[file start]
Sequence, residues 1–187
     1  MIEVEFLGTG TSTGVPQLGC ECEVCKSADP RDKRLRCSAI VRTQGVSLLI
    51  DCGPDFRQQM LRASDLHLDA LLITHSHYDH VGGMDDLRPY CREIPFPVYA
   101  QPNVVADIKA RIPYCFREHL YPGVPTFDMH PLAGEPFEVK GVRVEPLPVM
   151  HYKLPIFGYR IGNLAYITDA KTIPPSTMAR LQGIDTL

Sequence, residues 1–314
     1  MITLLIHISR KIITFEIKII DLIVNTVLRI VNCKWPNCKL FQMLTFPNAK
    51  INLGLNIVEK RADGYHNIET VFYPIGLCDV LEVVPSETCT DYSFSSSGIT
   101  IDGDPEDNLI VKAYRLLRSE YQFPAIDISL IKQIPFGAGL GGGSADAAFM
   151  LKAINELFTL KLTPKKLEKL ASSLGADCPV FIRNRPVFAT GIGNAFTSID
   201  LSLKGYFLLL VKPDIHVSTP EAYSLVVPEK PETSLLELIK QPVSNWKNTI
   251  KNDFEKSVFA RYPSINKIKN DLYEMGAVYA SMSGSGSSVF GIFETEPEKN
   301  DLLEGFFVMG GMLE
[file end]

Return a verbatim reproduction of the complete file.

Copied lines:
Sequence, residues 1–187
     1  MIEVEFLGTG TSTGVPQLGC ECEVCKSADP RDKRLRCSAI VRTQGVSLLI
    51  DCGPDFRQQM LRASDLHLDA LLITHSHYDH VGGMDDLRPY CREIPFPVYA
   101  QPNVVADIKA RIPYCFREHL YPGVPTFDMH PLAGEPFEVK GVRVEPLPVM
   151  HYKLPIFGYR IGNLAYITDA KTIPPSTMAR LQGIDTL

Sequence, residues 1–314
     1  MITLLIHISR KIITFEIKII DLIVNTVLRI VNCKWPNCKL FQMLTFPNAK
    51  INLGLNIVEK RADGYHNIET VFYPIGLCDV LEVVPSETCT DYSFSSSGIT
   101  IDGDPEDNLI VKAYRLLRSE YQFPAIDISL IKQIPFGAGL GGGSADAAFM
   151  LKAINELFTL KLTPKKLEKL ASSLGADCPV FIRNRPVFAT GIGNAFTSID
   201  LSLKGYFLLL VKPDIHVSTP EAYSLVVPEK PETSLLELIK QPVSNWKNTI
   251  KNDFEKSVFA RYPSINKIKN DLYEMGAVYA SMSGSGSSVF GIFETEPEKN
   301  DLLEGFFVMG GMLE